I like to say that I grew up in the “Easy Listening” phase of American Roman Catholicism. We sang “On Eagle’s Wings” with a guitar accompanist and hung felt banners around the sanctuary. My cousins attended a church that had alter girls and interpretive dancers. An opera singer who attended our church was sometimes allowed to lead songs and children regularly got smacked in the back of the head for giggling when she stretched to hit really high, screechy notes. Which was better than when her nightclub singer daughter sang and made us all feel like we should go home and shower after watching her squirm around singing about God and love in breathy tones.
Some of my sisters feel strongly that they were damaged by being forced to attend mass each week at this retro-grade institution. But honestly, my memory is of sermons that could basically be summed up as, “kids, listen to your parents and don’t fight with your siblings. And every one needs to stop trying to run each other over in the parking lot after mass.” For me it was about as benign an introduction to Christianity as you could hope for.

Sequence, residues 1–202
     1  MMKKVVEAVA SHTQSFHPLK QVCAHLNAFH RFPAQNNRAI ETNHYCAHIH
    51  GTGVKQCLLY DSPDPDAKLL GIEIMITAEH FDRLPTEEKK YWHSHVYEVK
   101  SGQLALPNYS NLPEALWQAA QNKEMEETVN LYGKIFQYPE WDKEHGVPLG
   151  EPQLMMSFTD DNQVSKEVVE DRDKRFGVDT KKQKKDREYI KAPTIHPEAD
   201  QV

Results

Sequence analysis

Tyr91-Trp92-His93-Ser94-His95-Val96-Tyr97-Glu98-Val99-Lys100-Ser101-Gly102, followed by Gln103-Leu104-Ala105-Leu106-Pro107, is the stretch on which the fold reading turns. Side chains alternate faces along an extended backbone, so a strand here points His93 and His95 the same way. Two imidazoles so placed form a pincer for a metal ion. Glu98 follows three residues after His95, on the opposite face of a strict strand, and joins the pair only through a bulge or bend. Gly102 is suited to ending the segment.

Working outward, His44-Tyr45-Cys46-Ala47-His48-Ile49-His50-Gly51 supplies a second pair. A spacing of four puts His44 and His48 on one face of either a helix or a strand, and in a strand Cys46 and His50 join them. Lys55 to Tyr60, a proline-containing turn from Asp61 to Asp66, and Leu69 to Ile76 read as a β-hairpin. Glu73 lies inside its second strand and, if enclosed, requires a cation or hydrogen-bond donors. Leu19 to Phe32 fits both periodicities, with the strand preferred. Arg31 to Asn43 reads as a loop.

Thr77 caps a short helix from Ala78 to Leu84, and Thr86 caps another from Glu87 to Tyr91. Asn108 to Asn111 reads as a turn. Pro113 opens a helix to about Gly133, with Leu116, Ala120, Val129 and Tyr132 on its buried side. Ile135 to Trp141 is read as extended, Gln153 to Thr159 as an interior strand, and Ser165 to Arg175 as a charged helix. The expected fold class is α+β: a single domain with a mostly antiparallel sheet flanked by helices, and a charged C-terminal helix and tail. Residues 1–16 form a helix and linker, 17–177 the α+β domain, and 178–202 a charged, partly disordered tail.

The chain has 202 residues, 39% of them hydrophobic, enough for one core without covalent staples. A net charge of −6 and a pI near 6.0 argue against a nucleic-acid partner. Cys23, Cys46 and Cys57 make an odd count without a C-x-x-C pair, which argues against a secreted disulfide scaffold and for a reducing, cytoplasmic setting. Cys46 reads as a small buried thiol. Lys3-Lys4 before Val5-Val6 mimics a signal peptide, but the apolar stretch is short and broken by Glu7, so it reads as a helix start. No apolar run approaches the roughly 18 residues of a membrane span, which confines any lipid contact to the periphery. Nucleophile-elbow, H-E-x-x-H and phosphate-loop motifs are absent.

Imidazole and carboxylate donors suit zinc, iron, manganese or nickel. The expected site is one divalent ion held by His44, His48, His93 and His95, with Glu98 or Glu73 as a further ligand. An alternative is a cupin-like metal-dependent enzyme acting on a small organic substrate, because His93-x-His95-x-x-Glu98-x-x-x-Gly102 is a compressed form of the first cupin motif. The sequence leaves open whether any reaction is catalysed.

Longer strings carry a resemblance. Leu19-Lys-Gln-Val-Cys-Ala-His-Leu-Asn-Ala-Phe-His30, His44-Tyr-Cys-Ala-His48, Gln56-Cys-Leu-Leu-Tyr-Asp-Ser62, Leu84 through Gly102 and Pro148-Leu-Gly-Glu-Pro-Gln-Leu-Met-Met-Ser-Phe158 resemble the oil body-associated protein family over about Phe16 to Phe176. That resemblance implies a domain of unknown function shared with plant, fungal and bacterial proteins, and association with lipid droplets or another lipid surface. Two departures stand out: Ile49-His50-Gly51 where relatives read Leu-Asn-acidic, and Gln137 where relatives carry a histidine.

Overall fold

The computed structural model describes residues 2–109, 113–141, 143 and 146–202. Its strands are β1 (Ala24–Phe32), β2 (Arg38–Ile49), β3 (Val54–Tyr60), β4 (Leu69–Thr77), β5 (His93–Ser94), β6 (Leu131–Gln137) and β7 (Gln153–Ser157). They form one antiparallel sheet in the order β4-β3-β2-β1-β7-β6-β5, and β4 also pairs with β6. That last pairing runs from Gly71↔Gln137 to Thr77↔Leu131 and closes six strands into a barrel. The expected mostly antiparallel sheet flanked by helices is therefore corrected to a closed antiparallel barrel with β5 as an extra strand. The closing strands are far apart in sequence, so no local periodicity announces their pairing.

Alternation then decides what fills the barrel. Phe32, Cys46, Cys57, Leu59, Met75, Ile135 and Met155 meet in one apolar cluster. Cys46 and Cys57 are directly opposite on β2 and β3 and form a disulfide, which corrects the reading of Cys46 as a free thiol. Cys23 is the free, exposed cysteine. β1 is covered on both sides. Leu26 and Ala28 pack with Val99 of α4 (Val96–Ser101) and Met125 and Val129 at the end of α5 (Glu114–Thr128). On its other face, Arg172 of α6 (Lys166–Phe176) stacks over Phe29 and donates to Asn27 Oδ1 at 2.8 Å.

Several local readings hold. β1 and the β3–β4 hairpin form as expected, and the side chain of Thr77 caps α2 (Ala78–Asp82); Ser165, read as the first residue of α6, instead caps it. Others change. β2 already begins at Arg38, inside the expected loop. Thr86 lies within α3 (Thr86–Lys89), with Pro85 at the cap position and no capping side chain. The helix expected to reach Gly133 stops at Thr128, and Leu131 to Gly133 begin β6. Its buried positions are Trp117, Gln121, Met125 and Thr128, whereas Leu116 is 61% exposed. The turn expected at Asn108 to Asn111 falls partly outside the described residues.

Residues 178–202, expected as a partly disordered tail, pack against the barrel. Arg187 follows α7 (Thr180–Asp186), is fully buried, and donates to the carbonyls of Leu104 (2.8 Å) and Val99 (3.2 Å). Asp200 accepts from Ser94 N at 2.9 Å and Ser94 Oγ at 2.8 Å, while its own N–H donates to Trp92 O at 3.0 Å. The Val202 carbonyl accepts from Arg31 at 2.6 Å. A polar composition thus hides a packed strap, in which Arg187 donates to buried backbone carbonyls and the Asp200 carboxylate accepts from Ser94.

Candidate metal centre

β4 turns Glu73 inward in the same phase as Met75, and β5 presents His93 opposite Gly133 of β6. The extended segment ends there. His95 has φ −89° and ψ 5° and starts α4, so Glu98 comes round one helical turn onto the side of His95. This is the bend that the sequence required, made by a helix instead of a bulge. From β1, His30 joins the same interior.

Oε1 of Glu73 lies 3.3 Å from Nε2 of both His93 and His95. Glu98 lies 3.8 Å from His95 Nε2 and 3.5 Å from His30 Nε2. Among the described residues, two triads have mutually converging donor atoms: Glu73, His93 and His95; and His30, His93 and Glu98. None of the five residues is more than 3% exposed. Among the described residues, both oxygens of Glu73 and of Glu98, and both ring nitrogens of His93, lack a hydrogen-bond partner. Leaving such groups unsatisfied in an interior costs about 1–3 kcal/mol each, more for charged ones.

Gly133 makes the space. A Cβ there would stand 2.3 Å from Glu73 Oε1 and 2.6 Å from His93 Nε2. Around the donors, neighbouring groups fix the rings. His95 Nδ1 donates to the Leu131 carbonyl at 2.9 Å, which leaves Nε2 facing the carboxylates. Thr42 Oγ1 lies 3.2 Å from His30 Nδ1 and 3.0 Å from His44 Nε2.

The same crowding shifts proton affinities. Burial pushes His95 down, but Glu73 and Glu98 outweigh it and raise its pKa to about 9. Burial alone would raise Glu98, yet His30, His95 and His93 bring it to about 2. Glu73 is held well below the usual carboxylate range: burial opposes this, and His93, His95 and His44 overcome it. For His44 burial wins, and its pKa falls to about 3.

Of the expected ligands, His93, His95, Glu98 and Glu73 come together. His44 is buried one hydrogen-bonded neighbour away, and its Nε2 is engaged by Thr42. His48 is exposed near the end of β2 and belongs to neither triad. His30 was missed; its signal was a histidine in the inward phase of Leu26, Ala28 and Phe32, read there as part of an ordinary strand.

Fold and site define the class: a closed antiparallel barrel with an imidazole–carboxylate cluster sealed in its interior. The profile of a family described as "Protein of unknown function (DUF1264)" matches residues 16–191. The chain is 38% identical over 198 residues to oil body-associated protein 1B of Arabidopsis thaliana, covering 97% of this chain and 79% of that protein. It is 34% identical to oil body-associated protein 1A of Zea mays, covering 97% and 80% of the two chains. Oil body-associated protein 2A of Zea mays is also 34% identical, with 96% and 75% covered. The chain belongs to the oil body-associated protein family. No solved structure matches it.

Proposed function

Which isn’t to say that it was entirely content free. Like all good Catholic kiddies, I attended catechism classes every Wednesday night for an hour all through grade school. I have an amazing capacity to completely tune out anything that doesn’t catch my interest, so I don’t have any idea what we did each week. But what I do recall is having to memorize things. We memorized prayers like the Our Father, the Nicene Creed and the prayer for confession. We memorized the 10 commandments, the beatitudes and the various works of mercy. It is entirely possible that we actually talked about what these things we were memorizing meant, but again, I wasn’t really paying attention.
The end result was that I couldn’t have told you why Jesus lived and died, but I did know that he told us to love each other and serve those in need. And as much as I love me some good theology, I’d say I got a better religious education than other kids who could explain penal substitution and use “Roman’s Road” to explain (their version of) the gospel. Continue reading